Rote counting is saying numbers in sequence. What it's not: counting any quantities or objects.
Before learning to count quantities, otherwise known as counting with one to one correspondence, children must memorize the order of numbers and be able to say them correctly in sequence: 1, 2, 3, 4, 5, and so on. That is called rote counting!
There are so many engaging ways to learn the numbers in sequence, some through music and games and others through the actual counting of objects in everyday life. Try these rote counting activities while having fun playing with your child.
*As an Amazon Associate I may get a small commission if you decide to purchase from my links. Thank you.
Knowing the order of numbers is essential before you are to count objects accurately or do any type of arithmetic. Think about it, in order to add 3 to 2, you need to know what numbers comes next when you first count to 3, then add the 2, and then finally count the sum.
Rote counting is a skill that develops in older grades as we ask children to count from numbers other than 1, find the the numbers that come after, or add by counting on.
Skip counting is also a form of rote counting where children memorize the sequence of numbers based on a pattern like multiples of 2's or 10's.
Children as young as 2 begin rote counting numbers to around 5. In preschool, children learn to rote count to 10 and often 20. In kindergarten children learn how to rote count to 100.
Yes, modeling rote counting helps children memorize the numbers. Much like a new song, it takes our minds time to remember the lyrics. Soon rote counting will be so automatic for them, they'll need to slow down!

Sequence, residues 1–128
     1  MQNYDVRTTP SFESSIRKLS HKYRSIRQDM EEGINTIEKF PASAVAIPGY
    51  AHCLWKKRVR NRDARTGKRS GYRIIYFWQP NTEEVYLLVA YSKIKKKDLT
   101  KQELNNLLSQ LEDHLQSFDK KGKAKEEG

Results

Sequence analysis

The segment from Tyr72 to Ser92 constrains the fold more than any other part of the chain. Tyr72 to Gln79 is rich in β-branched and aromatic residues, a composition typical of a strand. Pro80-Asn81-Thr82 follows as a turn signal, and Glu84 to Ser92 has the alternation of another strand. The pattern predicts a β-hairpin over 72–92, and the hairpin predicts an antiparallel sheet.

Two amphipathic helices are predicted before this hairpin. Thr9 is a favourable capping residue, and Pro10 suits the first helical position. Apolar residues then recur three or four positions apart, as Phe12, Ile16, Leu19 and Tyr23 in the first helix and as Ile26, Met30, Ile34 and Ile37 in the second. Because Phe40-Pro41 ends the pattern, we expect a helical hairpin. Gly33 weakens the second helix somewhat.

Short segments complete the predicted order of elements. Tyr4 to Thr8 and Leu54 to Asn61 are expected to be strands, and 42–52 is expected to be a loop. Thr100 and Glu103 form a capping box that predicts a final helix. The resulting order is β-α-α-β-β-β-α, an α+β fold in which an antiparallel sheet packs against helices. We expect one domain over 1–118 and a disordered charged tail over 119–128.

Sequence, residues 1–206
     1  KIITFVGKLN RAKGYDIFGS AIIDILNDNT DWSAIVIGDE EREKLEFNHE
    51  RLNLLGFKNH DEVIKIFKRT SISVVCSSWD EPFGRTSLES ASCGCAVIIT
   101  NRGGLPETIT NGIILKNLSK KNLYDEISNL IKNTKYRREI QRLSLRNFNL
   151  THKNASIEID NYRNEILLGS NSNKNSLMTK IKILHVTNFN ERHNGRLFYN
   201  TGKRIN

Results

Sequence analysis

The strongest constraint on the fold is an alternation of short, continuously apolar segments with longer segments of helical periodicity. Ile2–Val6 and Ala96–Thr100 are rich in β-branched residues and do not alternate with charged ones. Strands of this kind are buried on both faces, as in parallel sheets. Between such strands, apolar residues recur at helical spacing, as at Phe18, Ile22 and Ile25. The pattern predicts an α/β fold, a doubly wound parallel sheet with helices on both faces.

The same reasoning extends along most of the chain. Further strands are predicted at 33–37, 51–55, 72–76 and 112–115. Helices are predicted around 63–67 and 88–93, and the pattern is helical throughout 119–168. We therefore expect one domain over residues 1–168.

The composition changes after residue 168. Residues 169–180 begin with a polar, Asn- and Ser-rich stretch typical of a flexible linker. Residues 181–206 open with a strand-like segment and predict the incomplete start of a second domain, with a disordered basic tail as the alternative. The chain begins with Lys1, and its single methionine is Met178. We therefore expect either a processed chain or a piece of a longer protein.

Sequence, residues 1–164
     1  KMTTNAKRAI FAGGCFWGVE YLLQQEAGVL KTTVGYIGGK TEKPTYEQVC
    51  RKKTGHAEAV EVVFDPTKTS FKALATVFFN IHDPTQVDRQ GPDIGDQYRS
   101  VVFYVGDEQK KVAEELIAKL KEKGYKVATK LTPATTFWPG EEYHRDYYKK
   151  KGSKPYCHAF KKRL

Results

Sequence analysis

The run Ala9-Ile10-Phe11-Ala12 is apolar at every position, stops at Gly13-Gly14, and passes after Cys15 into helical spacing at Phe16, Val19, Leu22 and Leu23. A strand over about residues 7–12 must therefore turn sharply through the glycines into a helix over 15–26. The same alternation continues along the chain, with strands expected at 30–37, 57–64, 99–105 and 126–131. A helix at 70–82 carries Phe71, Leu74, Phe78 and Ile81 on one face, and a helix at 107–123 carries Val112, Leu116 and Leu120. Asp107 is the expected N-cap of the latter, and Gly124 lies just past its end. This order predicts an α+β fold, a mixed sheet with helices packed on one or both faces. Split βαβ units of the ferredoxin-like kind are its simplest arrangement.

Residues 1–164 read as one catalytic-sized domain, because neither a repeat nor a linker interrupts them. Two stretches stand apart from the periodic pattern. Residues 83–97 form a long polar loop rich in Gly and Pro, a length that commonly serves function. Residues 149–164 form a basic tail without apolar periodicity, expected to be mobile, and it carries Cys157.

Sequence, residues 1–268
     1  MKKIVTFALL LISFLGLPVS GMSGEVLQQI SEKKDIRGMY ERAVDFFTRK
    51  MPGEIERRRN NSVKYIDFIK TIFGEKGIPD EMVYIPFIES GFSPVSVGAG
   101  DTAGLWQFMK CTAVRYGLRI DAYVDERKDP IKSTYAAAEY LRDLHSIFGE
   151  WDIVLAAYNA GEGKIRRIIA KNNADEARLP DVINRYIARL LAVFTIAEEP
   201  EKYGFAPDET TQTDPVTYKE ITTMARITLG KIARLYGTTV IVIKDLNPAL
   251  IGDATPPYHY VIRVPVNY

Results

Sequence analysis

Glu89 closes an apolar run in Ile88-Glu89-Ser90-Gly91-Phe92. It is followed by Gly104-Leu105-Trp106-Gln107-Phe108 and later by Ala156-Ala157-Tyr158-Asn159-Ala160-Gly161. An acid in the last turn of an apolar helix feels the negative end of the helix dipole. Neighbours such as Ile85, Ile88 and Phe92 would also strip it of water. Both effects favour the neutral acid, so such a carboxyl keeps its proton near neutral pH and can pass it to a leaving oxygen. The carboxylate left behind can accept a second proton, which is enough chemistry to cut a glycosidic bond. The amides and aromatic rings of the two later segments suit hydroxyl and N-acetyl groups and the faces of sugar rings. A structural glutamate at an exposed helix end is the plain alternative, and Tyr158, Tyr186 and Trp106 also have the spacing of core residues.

Most activities are strictly about rote counting. A few at the end incorporate the next step in counting which is beginning to count objects and number recognition.
This classic game involves rote counting. Whomever is chosen as the seeker counts to a certain number before shouting, "Ready or not?! Here I come!" Is your child learning how to rote count to 10? 15? 20? Play "Hide and Seek" and make that the number the seeker counts to each time.
There are so many children's songs that include rote counting. Here are a few with links to their Youtube videos if you're not familiar:
The Ants Go Marching
1, 2, 3, 4, 5 Once I caught a fish alive!
Using a deck of cards, remove all the face cards. Have your child flip over a card and count up to that number. This is great for preschoolers counting to 10, but you can play it by including higher number flashcards. Not only will this improve rote counting skills but it'll also help kids with number recognition too!
Is it just me, or do my kids listen better to Alexa than when I give a direction? Use that to your advantage, and ask them to have Alexa (or any other house robot item) count up to a certain number. They can listen as she models the rote counting or join in on the count. It's too easy!
When my fitness instructor says, "We are going to be doing planks for a whole minute," you know I'm counting every last second. Whether it's jogging to the end of the block or holding a tricky yoga pose- rote count to 20 or higher with your child as you're working out!
There are so many rote counting books out there. While you're reading the pages, your child will get to become familiar with the order of the numbers but also see the numbers many times, helping with number recognition. You can even count the objects on each page, which is not rote counting, but the next step in math skills.
Some of my favorites include:
Hippos Go Berserk by Sandra Boynton
Ten Apples Up on Top! by Dr. Seuss
Chicka Chicka 1,2,3 by Bill Martin Jr.
Using a large ball that your littles find easy to catch, try to pass it back and forth without dropping it to the ground. Count while you're passing the ball. If you count one number for each successful ball you're practicing rote counting and counting with one to one correspondence at the same time.
A way to do this as a rote counting activity would be to have your child repeat the number you say back to you, to help cement the order of new numbers: 1, 1, 2, 2, 3, 3, and so forth.
Do you have a calendar in your home? For us it's where I write all the special events (usually with a picture)so that my kids get excited and know how to "read" it. Each day we take a second to look at the calendar, usually during a meal.